Attorney General's Race: Stein v. Newton
For the first time in 16 years, someone different will occupy the state’s attorney general’s office. Former Democratic state Sen. Josh Stein of Wake County and current Republican state Sen. Buck Newton of Wilson are in a close race to succeed Roy Cooper.
There’s not much that Stein and Newton agree on and when they do, they still sound far apart. Take for instance the death penalty. They both say they favor it, but part ways when it comes to the Racial Justice Act—a state law the Republican-controlled General Assembly repealed in 2013. The law had allowed death-row inmates to challenge their sentences if they can prove race played a role in their conviction. Newton opposed the law. Stein supported it.
In a televised debate last month, Stein said, “In carrying out the death penalty, we must ensure that no innocent person is executed or no one put to death based on the color of their skin.”
Newton called the Racial Just Act ridiculous and said, “When you bore down into the facts. This law allowed convicted white murderers of law enforcement to appeal their death sentences, simply because they said there weren’t enough black people on the jury or whites on the jury.”
The two also disagree when it comes to the Innocence Commission. The Commission looks at new evidence in convictions and has led to the overturning of some sentences, including death-row cases. Stein supported it while Newton sponsored legislation in an attempt to abolish it.
Newton is in a third term in the state Senate. Stein served nearly four terms. He resigned in March to focus on the AG race. Before his Senate election in 2008, he worked for seven years as a senior assistant attorney general for consumer protection issues. He touts that experience and his success cracking down on pay-day lenders, telemarketing abusers and identity theft as reasons he’s qualified for the job.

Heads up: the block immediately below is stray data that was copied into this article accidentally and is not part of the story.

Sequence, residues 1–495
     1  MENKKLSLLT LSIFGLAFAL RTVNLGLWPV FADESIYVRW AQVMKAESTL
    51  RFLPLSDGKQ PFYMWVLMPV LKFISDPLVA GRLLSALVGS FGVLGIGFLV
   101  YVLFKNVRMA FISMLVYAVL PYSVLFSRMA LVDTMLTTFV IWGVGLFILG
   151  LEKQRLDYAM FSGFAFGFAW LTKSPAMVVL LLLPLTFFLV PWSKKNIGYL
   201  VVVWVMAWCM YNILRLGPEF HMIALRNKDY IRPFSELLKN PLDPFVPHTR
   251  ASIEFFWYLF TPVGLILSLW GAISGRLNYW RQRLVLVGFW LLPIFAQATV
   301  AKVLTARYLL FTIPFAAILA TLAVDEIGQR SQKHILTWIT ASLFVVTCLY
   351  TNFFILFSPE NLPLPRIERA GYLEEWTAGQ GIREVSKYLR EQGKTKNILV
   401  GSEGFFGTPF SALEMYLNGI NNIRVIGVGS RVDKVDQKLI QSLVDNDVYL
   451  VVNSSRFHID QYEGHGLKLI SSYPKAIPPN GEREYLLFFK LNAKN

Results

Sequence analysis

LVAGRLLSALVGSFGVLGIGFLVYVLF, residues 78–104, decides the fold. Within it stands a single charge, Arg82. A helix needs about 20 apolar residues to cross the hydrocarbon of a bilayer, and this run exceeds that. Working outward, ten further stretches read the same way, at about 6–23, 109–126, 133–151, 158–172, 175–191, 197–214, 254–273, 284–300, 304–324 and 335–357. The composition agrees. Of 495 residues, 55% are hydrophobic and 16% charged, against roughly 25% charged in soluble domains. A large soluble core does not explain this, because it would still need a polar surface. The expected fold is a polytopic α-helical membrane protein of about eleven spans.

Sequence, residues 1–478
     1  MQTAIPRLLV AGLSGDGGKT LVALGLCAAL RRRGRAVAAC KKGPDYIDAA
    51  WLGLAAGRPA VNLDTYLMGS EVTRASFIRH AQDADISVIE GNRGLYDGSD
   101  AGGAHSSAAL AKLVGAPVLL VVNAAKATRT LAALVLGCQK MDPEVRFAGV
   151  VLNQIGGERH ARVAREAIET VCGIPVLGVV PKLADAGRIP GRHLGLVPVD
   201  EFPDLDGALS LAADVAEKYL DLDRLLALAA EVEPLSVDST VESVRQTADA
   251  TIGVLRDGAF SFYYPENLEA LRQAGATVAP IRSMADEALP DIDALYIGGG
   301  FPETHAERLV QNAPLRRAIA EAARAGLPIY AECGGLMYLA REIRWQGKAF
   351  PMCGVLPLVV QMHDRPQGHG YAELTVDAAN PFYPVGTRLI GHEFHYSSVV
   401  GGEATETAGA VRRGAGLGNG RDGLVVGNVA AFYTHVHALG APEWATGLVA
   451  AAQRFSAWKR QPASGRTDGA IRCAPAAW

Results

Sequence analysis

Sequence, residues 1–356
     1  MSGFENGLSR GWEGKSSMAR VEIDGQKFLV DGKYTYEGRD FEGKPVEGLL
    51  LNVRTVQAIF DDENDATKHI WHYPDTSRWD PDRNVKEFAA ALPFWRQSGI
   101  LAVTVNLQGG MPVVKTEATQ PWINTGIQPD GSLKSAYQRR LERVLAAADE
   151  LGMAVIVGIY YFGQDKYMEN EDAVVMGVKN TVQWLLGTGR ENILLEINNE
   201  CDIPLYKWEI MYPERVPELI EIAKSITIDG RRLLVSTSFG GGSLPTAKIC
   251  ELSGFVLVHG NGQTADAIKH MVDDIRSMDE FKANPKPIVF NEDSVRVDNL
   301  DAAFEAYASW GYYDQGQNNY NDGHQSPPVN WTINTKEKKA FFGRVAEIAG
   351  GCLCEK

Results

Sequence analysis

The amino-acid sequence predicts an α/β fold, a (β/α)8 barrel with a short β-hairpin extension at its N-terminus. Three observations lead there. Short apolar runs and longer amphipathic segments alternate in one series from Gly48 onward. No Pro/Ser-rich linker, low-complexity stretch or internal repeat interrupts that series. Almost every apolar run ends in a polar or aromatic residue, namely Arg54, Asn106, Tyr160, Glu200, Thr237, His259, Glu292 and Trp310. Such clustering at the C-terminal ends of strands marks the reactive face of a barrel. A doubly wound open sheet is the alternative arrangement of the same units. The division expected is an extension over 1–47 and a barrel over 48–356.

Newton chairs the Senate’s Judiciary Committee. He pushed legislation to exempt magistrates from performing same-sex marriages for religious reasons. He also was a major proponent of HB2, which limits LGBT protections. Stein has not worked in the AG’s office since 2008. Still, Newton directs most of his criticism of Stein on decisions Roy Cooper has made since then—specifically not to fight the Affordable Care Act or appeal a court ruling that the state’s new voting laws were discriminatory.
“I don’t agree with his position on this,” Newton said. “As an attorney general your job is to defend the laws of the state as chief law enforcer. It’s not how I would vote on a bill that would make that determination but it’s the interests of the people of N.C. and the constitution.”
Stein says he will defend state laws and the U.S. Constitution and stood up for Cooper by saying the courts ruled that North Carolina’s overhaul of voting laws, including a voter identification requirement, discriminated against African-Americans with, quote, “…almost surgical precision.”
“When you’re been told you’re denying people their constitutional rights, it’s appropriate for you to step back. That’s the discretion the attorney general has to respect the constitution,” Stein said. He added, “By the way, my name is Josh Stein not Roy Cooper. I think he may be running against Roy Cooper.”
On crime, Newton takes a hard line against criminals and was critical of the AG office’s decision to prosecute former CMPD police officer Randall Kerrick, after he fatally shot Jonathan Ferrell last year, an unarmed African-American man.
"It’s very unfortunate that some for political purposes have decided for political gain to try to vilify our law enforcement. As attorney general I will not stand for it. We have to support them. Mistakes are made, everybody is human, but the vast majority of the time, our law enforcement does it right,” Newton said.
Like Newton, Stein says, he wants police to have the tools and training they need and realizes they have to make tough, quick decisions on the job but said, they have to be prosecuted when they are accused of wrong doing.
“Like any profession, there are bad police just like there are bad lawyers, senators and when they do wrong they need to be held accountable,” Stein said. “Our collective ambition should be to reduce the amount of conflict from citizen-on-police violence and police-on-citizen violence. And we can do that with effective training and ensuring that police departments reflect the communities they serve, that they are diverse.”
A Republican has not won an election for attorney general in North Carolina in more than 100 years. In June, Stein had raised more than $2 million, and Newton less than $1 million, but the National Republican AG Association has earmarked nearly $4 million for ads for Newton around the state.